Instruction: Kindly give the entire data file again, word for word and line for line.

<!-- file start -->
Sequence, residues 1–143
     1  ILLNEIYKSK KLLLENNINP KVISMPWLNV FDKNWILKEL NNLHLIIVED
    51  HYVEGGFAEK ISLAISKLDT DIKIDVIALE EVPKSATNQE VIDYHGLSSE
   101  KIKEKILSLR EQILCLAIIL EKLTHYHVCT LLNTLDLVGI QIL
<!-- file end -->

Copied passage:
Sequence, residues 1–143
     1  ILLNEIYKSK KLLLENNINP KVISMPWLNV FDKNWILKEL NNLHLIIVED
    51  HYVEGGFAEK ISLAISKLDT DIKIDVIALE EVPKSATNQE VIDYHGLSSE
   101  KIKEKILSLR EQILCLAIIL EKLTHYHVCT LLNTLDLVGI QIL